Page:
Texas A&M Veterinary Emergency Team Deployed By Governor Abbott To Assist Florida Hurricane Ian Response

Story by Rachel Knight, VMBS Communications

A caravan of Veterinary Emergency Team vehicles on the road

Thirteen members of the Texas A&M Veterinary Emergency Team (VET) and seven Texas A&M AgriLife Extension agents have been deployed to Florida by Texas Gov. Greg Abbott in response to Hurricane Ian, one of the deadliest storms to hit Florida in modern history.

The VET was activated on Oct. 4 at the request of Florida officials through the Emergency Management Assistance Compact.

The 13 VET members who deployed in the early hours of the morning will play a vital role in supporting the response and recovery efforts by offering veterinary support for more than 80 urban search and rescue (USAR) dogs, which represents one of the largest USAR deployments in history.

While the VET previously has deployed twice to California in support of wildfire relief efforts, this is the first deployment for the team to the East Coast.

Hurricanes are among the threats that the VET plans for frequently. While each hurricane presents unique challenges, VET director Dr. Wesley Bissett said there are some commonalities to how animals react in these situations.

“Virtually all disasters impact animals,” Bissett explained. “Traumatic injuries and other medical issues resulting from flood waters or storm surges are what we expect to see most with hurricanes. There also are always issues associated with the stress of what the animals will go through.”

Flood waters are very contaminated, which makes them particularly problematic for USAR dogs and resident animals alike. The VET developed a special decontamination unit to assist in removing the contaminants from the search-and-rescue dogs and other small animals brought to the VET base of operations.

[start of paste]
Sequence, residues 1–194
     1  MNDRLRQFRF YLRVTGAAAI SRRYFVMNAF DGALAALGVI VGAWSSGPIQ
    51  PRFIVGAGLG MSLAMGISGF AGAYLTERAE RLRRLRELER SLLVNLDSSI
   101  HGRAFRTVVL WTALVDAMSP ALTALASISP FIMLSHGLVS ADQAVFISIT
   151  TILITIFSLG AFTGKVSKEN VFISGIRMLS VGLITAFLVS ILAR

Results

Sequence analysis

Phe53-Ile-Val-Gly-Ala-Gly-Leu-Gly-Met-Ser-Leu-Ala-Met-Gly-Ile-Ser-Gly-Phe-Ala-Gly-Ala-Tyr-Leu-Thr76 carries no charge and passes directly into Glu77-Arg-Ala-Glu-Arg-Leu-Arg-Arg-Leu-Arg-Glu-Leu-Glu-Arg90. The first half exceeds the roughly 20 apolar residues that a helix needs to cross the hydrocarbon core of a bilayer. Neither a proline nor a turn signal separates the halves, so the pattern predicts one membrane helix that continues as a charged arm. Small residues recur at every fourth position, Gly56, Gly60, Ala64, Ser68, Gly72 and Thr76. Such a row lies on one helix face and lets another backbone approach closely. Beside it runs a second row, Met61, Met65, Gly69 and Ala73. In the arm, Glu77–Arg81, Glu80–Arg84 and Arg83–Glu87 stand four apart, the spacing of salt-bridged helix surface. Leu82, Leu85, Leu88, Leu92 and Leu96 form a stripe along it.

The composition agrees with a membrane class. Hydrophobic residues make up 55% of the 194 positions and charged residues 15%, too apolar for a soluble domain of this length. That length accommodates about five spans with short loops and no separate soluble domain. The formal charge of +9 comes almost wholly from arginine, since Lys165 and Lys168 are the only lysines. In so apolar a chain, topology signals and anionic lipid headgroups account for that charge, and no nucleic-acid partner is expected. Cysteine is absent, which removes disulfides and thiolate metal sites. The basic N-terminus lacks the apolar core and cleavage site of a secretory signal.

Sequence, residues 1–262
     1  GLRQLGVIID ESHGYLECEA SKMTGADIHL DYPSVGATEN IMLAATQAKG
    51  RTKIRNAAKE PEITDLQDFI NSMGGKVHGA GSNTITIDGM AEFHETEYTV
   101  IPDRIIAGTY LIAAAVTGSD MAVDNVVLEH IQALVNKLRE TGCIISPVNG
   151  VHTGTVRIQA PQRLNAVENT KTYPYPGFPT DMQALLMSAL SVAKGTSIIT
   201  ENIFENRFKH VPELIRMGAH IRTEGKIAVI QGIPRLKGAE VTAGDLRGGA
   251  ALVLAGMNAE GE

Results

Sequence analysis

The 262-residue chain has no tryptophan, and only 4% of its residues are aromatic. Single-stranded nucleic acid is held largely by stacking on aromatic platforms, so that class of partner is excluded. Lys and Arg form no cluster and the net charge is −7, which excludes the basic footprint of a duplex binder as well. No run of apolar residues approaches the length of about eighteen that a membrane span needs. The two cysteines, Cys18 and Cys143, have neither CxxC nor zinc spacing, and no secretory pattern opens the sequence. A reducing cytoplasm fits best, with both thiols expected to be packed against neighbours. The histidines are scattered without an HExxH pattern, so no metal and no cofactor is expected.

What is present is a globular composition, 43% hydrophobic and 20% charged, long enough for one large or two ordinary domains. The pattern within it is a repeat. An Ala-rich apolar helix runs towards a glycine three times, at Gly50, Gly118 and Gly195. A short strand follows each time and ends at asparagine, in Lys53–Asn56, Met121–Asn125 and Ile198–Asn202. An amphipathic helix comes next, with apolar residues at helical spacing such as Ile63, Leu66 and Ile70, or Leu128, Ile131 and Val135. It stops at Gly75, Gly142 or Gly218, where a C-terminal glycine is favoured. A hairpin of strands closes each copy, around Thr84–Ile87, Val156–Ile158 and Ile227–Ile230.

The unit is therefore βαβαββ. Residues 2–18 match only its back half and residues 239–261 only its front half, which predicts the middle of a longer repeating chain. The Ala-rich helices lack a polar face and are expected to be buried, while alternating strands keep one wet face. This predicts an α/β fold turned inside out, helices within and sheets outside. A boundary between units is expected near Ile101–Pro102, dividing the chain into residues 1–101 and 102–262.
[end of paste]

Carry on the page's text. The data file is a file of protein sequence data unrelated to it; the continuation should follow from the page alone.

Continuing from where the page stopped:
Bissett said he and VET are thankful that the State of Texas is committed to a robust emergency response for animals.

“The State of Texas, under the guidance of the Texas Division of Emergency Management and Texas Animal Health Commission, has developed a robust emergency support system, as we all recognize that we must provide for the entire family, including pets, while also protecting the health and well-being of agricultural animals,” Bissett said.

In total, the Texas Division of Emergency Management (TDEM) has mobilized and deployed more than 100 personnel to support Florida’s response and recovery efforts, as directed by Abbott. Personnel deployed include:

  • Texas A&M School of Veterinary Medicine & Biomedical Sciences’ VET: consisting of seven veterinarians, six veterinary technicians, three small animal mobile medical platforms, and two mobile veterinary trucks – to provide veterinary support for more than 80 search and rescue dogs. 
  • Texas A&M AgriLife Extension Service’s Disaster Assessment and Recovery (DAR) Unit: consisting of seven DAR agents – to provide logistical and administrative support for the Texas A&M Veterinary Emergency Team.
  • Texas Telecommunicator Emergency Response Taskforce (TERT):  Deploying two 9-1-1 dispatchers – one from the Midlothian Police Department and one from the Hood County Sheriff’s Office – to assist impacted Florida counties with their post-storm dispatching responsibilities.    
  • Texas A&M Forest Service:

Additional resources may be deployed as requested.

Follow the VET’s actions on deployment on the VET Facebook page.


For more information about the Texas A&M School of Veterinary Medicine & Biomedical Sciences, please visit our website at vetmed.tamu.edu or join us on FacebookInstagram, and Twitter.

Contact Information: Jennifer Gauntt, Director of VMBS Communications, Texas A&M School of Veterinary Medicine & Biomedical Sciences, jgauntt@cvm.tamu.edu, 979-862-4216

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